PORT ANGELES — A judge soon will decide whether accused double-murderer Darold Stenson can retain his three-lawyer defense team now that he is no longer facing the death penalty.
Clallam County Sheriff Bill Benedict is urging that the judge rule against what he calls an unnecessary expense.
Stenson’s lawyers have charged county taxpayers $175,307 since they were appointed to the double-murder case last summer.
Benedict said retaining the death penalty-qualified defense panel is a waste of precious county resources.
County Administrator Jim Jones had estimated that retrying Stenson could cost up to $1.4 million before Prosecuting Attorney Deb Kelly decided against seeking the death penalty.
“Why are we going to spend a million dollars to convict someone when there is no doubt whatsoever that there is guilt?” said Benedict, who said he fears a big bill for Stenson’s defense eventually could lead to layoffs in his department.
Stenson, 60, was convicted in 1994 of the shooting deaths of his wife, Denise, and business partner, Frank Hoerner, at his bird farm near Sequim in March 1993.
The conviction of the longtime death row inmate was overturned by the state Supreme Count last May.
Stenson now is being represented by lead attorney Roger Hunko of Port Orchard and co-counsels Sherilyn Peterson of Seattle and Blake Kremer of University Place.
Hunko, Peterson and Kremer each earn $125 per hour “plus reasonable costs and expenses,” according to the court orders.
The money for Stenson’s defense comes out of the Clallam County general fund.
Most murder defendants are represented by a single attorney from Clallam Public Defender.
“Since they took the capital murder off the table, there’s no reason why our public defender can’t handle this,” Benedict said in a Monday interview with KONP radio.
Hunko filed a memorandum of law Jan. 11 defending the need for three attorneys.
At Stenson’s last court hearing Jan. 30, in which Peterson argued for a change of venue, Clallam County Superior Court Judge S. Brooke Taylor said he was still considering whether to allow the three lawyers.
Taylor did not return a message seeking comment Friday afternoon.
Stenson has a status hearing set for 10 a.m. Wednesday.
In an 8-1 ruling, the state high court upheld retired Clallam County Superior Court Judge Ken Williams’ finding that evidence — an FBI file and photographs of a sheriff’s detective wearing Stenson’s bloodstained jeans — were wrongfully suppressed by the prosecution in 1994.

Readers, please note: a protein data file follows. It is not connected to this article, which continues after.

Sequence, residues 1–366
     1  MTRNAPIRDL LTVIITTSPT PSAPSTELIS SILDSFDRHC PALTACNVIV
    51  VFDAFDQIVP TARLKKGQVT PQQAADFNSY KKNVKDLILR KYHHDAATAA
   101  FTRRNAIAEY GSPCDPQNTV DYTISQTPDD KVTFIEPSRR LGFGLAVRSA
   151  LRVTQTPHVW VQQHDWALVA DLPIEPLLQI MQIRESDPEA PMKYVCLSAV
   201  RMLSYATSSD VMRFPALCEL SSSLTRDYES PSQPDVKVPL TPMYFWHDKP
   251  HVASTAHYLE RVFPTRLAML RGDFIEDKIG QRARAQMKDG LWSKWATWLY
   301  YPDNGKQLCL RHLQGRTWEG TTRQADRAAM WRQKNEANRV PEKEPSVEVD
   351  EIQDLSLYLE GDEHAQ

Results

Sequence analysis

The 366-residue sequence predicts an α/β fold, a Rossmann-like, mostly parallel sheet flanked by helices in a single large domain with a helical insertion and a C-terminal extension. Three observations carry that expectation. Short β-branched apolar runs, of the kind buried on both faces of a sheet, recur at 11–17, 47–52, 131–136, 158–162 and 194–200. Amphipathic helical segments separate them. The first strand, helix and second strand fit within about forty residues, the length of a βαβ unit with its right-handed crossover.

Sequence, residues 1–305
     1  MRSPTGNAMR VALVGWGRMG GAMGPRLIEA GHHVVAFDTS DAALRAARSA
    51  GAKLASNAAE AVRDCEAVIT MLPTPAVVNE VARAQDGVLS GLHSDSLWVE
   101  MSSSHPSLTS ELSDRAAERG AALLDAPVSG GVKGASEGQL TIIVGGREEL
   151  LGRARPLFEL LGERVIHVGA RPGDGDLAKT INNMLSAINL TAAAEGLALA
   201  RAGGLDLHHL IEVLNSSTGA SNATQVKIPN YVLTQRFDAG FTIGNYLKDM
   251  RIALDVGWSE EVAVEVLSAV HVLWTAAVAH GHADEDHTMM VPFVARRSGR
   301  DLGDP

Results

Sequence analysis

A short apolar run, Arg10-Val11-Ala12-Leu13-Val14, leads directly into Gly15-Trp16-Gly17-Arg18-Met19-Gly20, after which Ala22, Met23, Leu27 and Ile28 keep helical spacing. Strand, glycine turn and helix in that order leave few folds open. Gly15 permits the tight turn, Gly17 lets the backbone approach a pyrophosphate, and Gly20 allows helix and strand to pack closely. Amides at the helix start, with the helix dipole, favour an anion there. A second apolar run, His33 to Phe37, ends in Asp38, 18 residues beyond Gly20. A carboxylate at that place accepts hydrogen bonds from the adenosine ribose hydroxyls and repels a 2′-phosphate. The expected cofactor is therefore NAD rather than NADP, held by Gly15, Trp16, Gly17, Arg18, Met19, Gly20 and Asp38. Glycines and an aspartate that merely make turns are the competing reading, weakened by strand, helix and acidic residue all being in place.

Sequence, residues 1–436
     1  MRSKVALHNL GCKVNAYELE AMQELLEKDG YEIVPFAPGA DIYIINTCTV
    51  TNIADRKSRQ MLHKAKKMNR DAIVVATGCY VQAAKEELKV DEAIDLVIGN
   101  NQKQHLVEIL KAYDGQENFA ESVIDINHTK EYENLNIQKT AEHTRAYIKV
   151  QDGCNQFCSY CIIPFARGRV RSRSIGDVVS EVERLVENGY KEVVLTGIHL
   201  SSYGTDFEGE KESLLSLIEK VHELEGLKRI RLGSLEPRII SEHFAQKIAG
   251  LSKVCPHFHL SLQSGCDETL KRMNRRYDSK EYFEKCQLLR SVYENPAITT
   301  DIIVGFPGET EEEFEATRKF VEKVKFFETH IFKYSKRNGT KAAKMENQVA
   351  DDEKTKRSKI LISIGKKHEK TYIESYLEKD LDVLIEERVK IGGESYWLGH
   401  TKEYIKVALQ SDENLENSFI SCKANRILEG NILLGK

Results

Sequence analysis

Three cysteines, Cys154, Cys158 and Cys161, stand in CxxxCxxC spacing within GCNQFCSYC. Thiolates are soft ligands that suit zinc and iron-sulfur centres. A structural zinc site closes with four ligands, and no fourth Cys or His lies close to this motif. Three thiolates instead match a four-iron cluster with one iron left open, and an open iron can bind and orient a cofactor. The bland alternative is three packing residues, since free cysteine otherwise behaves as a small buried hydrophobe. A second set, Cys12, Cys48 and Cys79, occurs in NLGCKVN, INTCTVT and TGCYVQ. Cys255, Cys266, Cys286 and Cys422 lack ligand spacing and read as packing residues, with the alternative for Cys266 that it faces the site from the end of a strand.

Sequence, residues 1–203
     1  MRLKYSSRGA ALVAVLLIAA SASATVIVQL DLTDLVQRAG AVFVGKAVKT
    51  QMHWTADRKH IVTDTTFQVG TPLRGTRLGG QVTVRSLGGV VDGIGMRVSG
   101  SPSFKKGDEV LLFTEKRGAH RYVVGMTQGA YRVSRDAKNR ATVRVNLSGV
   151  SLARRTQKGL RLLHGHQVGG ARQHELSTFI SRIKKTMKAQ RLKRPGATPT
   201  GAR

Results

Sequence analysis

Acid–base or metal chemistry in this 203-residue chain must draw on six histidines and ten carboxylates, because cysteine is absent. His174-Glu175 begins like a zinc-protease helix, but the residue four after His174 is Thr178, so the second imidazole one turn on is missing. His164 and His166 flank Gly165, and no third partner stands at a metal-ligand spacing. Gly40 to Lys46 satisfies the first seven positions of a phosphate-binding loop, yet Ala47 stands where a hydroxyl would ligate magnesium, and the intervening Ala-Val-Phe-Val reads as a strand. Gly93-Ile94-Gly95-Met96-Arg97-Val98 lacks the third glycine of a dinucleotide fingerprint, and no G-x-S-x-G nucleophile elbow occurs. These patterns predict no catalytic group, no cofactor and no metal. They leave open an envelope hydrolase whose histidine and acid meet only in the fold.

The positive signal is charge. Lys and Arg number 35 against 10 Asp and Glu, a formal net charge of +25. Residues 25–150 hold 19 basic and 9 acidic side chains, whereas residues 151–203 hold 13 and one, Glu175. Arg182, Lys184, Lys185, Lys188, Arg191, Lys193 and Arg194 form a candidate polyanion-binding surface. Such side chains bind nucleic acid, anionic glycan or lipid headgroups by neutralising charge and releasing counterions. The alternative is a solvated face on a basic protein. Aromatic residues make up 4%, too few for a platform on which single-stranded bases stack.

“We conclude, as a matter of law, that the suppression of the photographs and FBI file prejudiced Stenson,” the court concluded.
“Accordingly, we grant Stenson’s sixth PRP [personal restraint petition] and reverse his convictions and death sentence and remand for a new trial.”
Williams also determined that the file and photographs “would not have probably changed the outcome of the trial,” according to the state Supreme Court’s certificate of finality.
“Judge Williams made it very clear that he did not believe the error would have affected the outcome,” Benedict said Wednesday.
Stenson, who has maintained his innocence, was recharged last July with two counts of first-degree premeditated murder.
Kelly initially said she would seek the death penalty in Stenson’s second trial.
After consulting with the victims’ families, Kelly announced in December that she would instead seek a life sentence.
Stenson is being held without bail at the Clallam County jail.
A three-week trial is scheduled to begin with jury selection July 8.
Hunko, who co-chairs the Death Penalty Committee for the Washington Association of Criminal Defense Lawyers, was appointed as Stenson’s attorney last July.
Peterson, who has represented Stenson since a 2008 constitutional challenge to the lethal-injection method of capital punishment, and Kremer were appointed as co-counsel in August.
As of Friday, Stenson’s lawyers have accumulated a combined $156,730 in attorneys fees and $18,577 for expert services, Clallam County Superior Court Administrator Lindy Clevenger said.
Clallam County budgeted $884,301 for indigent defense for 2013.
Kelly is prosecuting the Stenson case on behalf of the state.
A part-time investigator has been consuming most of his 79 hours per month by making copies of old files for the defense, Kelly has said.
The trial was postponed from March to summer because of extensive discovery and difficulties in tracking down witnesses who have moved.
Benedict said it is unlikely that the case will go to trial this summer.
________Reporter Rob Ollikainen can be reached at 360-452-2345, ext. 5072, or at firstname.lastname@example.org.